Portland City Council appointed 13 Portlanders on Wednesday to serve on the Independent District Commission. The group, tasked with establishing four geographic districts for Portland’s next city council by Sept. 1, will engage with Portland community members throughout the process. Ballot Measure 26-228, which passed in November, included a package of reforms proposed by the Portland Charter Commission. One change on the way is the establishment of four geographic districts for Portland’s next city council, with an Independent District Commission leading the process.
Currently, all four of Portland’s city commissioners are elected citywide and allow for candidates to live anywhere in Portland. Beginning in November 2024, three city councilors will be elected in each of the four new geographic districts. The mayor and auditor will still be elected citywide.
Out of nearly 300 applicants, City Council voted to appoint the 13 Independent District Commission members nominated by Mayor Wheeler along with six alternates, representing a diversity of race, gender, age and geography. Alternate members may be selected to move into a commission role if any of the appointed commissioners are unable to fulfil their duties.
Skills and knowledge to help the commission fulfill its work, such as prior experience with a redistricting process, elections expertise, or voter education and outreach A commitment to advancing equity Ability to support the community engagement efforts of the commission A connection to a wide variety of Portland communities, such as public, private, nonprofit, business, philanthropic, faith-based, racial or ethnic communities
The City Charter calls for a districting plan to be adopted by Sept. 1, 2023. Before then, the Independent District Commission will need to:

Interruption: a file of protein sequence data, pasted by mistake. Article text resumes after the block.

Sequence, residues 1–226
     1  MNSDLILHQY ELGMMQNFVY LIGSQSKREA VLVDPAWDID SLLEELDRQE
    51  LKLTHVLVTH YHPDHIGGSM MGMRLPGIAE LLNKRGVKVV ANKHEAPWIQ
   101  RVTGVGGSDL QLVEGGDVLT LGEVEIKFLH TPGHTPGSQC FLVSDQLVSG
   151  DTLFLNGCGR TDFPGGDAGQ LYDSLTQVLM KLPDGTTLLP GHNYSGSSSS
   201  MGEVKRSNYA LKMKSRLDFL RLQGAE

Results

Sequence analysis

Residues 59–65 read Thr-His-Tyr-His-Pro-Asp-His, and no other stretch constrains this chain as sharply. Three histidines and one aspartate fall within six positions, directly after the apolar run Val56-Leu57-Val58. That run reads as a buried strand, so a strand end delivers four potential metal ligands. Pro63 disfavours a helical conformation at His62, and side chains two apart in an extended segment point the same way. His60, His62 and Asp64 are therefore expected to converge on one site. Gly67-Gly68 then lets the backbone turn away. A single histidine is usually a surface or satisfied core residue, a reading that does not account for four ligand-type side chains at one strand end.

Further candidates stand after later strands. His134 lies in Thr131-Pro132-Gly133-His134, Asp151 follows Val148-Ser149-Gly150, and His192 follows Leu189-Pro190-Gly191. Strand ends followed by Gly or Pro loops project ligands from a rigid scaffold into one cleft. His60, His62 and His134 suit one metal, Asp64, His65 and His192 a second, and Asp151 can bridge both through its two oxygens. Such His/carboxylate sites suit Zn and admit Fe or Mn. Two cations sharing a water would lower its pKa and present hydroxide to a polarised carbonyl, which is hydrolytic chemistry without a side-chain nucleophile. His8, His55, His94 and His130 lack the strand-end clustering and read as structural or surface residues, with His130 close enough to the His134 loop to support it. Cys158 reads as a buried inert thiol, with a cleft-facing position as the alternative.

Hold a citywide public hearing in the near-term to engage Portlanders on district criteria Hold at least two public hearings in each proposed district before voting to adopt a district plan Ensure district maps are consistent with charter, state and federal laws and criteria
Once the district plan is finalized, nine of the 13 commissioners will need to vote to adopt it. If the District Commission cannot approve the plan after two rounds of voting, the plan will be passed to the City Council for their consideration and a vote. “We received phenomenal applications from so many wanting to engage fellow Portlanders and create districts in which all residents feel represented in their city government,” Mayor Ted Wheeler said. “We see and are counting on the continued momentum to change our City’s future.”
These are the 13 Independent District Commissioners and six alternates:
Independent District Commissioners
Reserve Alternate Members
"I am enthusiastic about the historic opportunity to hear from Portland residents about how they want to be represented on City Council, and to draw maps that maximize political competition and representation of our unique and diverse neighborhoods and communities." -Kari Chisholm
"This endeavor will only be successful if we are committed to engaging with Portlanders where they are, being in community with them, and lifting up their voices as we draw the political boundaries that will unite our city." -Joshua Laurente
"I am so excited to see this new Portland and want to play a part in its success. If not me, then who? I do not deserve the right to question or challenge policies if I myself am unwilling to get involved and serve." -Edie Van Ness
"I am excited about ensuring a fair process is implemented to create the 4 new districts, as well as ensuring a transparent and inclusive process." -Paul Lumley
"The work of implementing the recommendations of the City of Portland Charter Commission is a critical opportunity to redesign City government toward achieving the goal of a multiracial democracy." -Neisha Saxena
"My goals would be to share my knowledge of how other cities and countries have drawn similar districts and to create the most fair and equitable districts for Portland. " -Melody Valdini
"I’m excited to create an inclusive process and to engage community-based organizations." -Lamar Wise